By Jacob Katel
By Karli Evans
By Jose D. Duran
By Pablo Chacon Alvarez
By Kat Bein
By Abel Folgar
By Laurie Charles
When you think of the megagroups, you should think art. Not that their music always aspired to higher aesthetic grounds. But while most of the members of Pink Floyd were architecture students, the band's earliest and mightiest creative force was Syd Barrett, an art student. Keith Richards was studying art when he met an economics student named Mick Jagger. All four members of Talking Heads attended art school in Rhode Island before reshaping modern music. David Bowie was a commercial artist at an ad agency before he became Ziggy Stardust, John Lennon was known to scribble a doodle or two, and Ron Wood is an accomplished painter. Stu Sutcliffe was allowed to join an early version of the Beatles even though he couldn't play a lick of bass. He had just sold a painting for a large sum, and that provided a much-needed cash infusion.
Though not a megagroup -- yet -- Halo can be lumped into this fine-arts tradition. The band's frontman, Oscar Herrera, graduated from the University of Miami, where he studied graphic design, and currently works a day job as an advertising-art designer at the Miami Herald. He handles the duality easily, though he also admits that dividing time between the two creative worlds can be challenging. You won't find any art criticism here, but Herrera and his band certainly score high on the sonic front.
Halo, until recently known as Picasso Trigger, can be counted as the most diverse band this side of Rooster Head, though in a completely different way. Rooster Head jumps from genre to genre -- a country song here, a pure pop ditty there -- while Halo stays within a more singular framework. Except that the framework bends and twists and ranges from the speedy and edgy to deep-groove meandering to skittish danceables, often within one song. "What makes it interesting," says Herrera, "is the struggle between me and the other guys. If it was up to me, we'd stick to the Bowie, artsy side. But we compromise." Bassist Joe Dante puts it this way: "He gets in this Spanish horse mode, Oscar serenading some beauty with guitars. We come in and we want to be like Zep."
If there's any Halo song that Herrera's vision most shines through on, it's "The Hunting Ground," rich with Spanish guitar, shuffling Latin-based rhythms, a bolero-wearing breakdown of chants and percussion, and a funky cantina feel. You could get lost there forever. That's followed immediately on the band's new album, Picasso Trigger Is Dead, by "This Boy Is Sane," replete with sizzling electric-guitar leads. You need a pigeon-hole as wide as the Pacific to fit Halo into it.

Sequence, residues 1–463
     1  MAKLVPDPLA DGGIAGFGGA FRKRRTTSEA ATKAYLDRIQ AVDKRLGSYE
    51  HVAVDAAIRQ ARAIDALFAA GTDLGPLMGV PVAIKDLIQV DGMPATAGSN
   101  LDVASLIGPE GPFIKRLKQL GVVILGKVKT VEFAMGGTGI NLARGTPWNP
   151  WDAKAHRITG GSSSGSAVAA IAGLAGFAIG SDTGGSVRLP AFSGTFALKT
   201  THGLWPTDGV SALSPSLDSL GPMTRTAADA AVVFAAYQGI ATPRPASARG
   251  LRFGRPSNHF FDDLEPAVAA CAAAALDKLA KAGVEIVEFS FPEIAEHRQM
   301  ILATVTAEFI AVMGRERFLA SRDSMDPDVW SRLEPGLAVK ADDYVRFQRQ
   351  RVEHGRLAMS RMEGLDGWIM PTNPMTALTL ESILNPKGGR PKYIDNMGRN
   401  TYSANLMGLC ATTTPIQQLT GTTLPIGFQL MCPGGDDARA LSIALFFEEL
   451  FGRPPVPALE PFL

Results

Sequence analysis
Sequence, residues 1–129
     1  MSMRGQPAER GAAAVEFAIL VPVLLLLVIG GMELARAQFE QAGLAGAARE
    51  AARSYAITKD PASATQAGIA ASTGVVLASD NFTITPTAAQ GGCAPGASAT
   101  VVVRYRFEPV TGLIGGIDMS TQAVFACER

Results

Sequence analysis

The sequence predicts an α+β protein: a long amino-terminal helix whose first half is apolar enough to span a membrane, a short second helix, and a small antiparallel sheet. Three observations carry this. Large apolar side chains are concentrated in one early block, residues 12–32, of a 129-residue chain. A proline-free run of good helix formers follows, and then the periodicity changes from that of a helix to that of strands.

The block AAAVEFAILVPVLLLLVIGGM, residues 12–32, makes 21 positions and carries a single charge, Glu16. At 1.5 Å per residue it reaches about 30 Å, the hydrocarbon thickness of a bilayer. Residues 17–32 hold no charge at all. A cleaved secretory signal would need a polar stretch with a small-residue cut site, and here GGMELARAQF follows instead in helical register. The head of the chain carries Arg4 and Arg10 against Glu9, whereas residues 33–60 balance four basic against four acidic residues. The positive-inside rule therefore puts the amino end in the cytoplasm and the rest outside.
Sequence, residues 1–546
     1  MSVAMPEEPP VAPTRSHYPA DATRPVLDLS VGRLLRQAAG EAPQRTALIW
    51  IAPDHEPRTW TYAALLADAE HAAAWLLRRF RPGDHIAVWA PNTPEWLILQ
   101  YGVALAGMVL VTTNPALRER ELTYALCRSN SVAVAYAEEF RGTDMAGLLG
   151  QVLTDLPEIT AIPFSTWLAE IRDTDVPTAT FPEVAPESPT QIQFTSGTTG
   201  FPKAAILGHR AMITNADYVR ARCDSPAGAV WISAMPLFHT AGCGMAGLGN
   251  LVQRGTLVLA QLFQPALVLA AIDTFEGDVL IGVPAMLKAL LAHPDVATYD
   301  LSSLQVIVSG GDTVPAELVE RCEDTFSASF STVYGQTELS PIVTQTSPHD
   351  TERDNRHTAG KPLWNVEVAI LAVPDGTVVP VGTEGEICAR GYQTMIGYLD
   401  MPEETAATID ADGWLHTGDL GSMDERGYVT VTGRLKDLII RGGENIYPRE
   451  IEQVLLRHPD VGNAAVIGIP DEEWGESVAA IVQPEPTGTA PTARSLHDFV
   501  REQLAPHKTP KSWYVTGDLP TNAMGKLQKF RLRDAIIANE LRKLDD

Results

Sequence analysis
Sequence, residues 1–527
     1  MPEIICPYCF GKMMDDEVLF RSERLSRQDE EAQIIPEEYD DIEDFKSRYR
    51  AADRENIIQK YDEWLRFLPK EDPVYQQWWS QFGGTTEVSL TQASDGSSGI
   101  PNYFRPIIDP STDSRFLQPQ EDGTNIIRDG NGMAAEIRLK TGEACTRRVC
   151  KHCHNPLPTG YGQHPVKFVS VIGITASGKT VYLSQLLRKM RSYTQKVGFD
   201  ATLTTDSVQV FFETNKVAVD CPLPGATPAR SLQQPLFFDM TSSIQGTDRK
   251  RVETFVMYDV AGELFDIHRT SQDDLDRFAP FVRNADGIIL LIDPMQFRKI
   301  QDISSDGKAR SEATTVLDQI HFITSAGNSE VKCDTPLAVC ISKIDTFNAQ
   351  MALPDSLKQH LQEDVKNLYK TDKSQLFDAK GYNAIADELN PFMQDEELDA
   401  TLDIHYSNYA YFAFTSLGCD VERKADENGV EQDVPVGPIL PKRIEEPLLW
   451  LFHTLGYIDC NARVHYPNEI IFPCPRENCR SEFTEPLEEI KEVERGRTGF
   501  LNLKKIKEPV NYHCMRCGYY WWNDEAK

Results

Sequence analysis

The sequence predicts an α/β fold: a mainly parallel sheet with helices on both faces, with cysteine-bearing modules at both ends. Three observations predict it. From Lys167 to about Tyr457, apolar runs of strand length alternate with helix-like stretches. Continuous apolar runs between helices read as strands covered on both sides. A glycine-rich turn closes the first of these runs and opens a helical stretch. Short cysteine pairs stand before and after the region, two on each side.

Such lofty aspirations -- and, as the album proves, accomplishments -- can cause some trouble. When Herrera (who'd already made his mark with the mighty Sleep of Reason in the early Eighties) got together with bassist Dante and drummer Alex Hernandez in 1990, they bought a classified ad in New Times for a guitarist. "Our sound freaks out some people," Dante notes, "and I can't count how many auditions we held." Finally they found a guitarist, but he was soon deported. The next guitarist had to resign due to problems with hearing loss. The third didn't work out musically. The fourth was current member Alejandro Sanchez.
Together they create a churning blend of attitude and atmosphere, juicy harmonies, deft tempo shifts, chunky tones and textures. The Talking Heads comparison is especially handy -- polyrhythms are key, and that's often and traditionally a Latin thang. (David Byrne might not be Latin, but he's definitely a hard-core Latinofile.) "I'm definitely into the Latin rhythms," says Alex Hernandez, who contradicts that by saying his favored style is "no quarter given" rock. Either way, theirs is not the stuff of your typical samba party. "In places like Melbourne," Herrera says, "they see us as this exotic Latin live band." At the worst, this gets them decent gigs.
Bookings for Halo here in Miami don't always come so easily, perhaps partly because this whole Latin thang is about as relevant to the group's sound as Zep. Just one small part. "Our problem," Herrera says, "is that we're mismatched with just about every other band that might be booked to play with us. Except for F.O.C., the Bellefires, One, Black Janet, and Love Canal, there aren't really any bands we fit with in the live setting. We need unified, smart audiences."
Sometimes it gets so bad the band strikes out at the entire Miami music scene: Dante: "We're playing our asses off -- not simply spitting fire out our asses. Miami..."
Dante: "Can we say that?"
Herrera: "We've considered dropping our pants, having go-go girls, performing fake fellatio.... There are more clubs, more bands, but the mentality's the same as ever."
Dante: "We just want to get some kind of reaction."
Hernandez: "Yeah, at least spit on us."
Maybe the new album will change some perceptions about Halo. From all evidence, though, it doesn't seem to matter much. The band is making some of the most inventive, interesting, and rewarding music around. They continue to shun putting on spandex, puffing their hair or admitting a new member who just sold a painting and has lots of money to burn. No matter where everyone else is, Halo's right where they should be. That's the real art of it.
HALO celebrates the release of its new album at 8:00 p.m. Saturday at Uncle Sam's Musicafe, 1141 Washington Ave, Miami Beach, 532-0973. Free.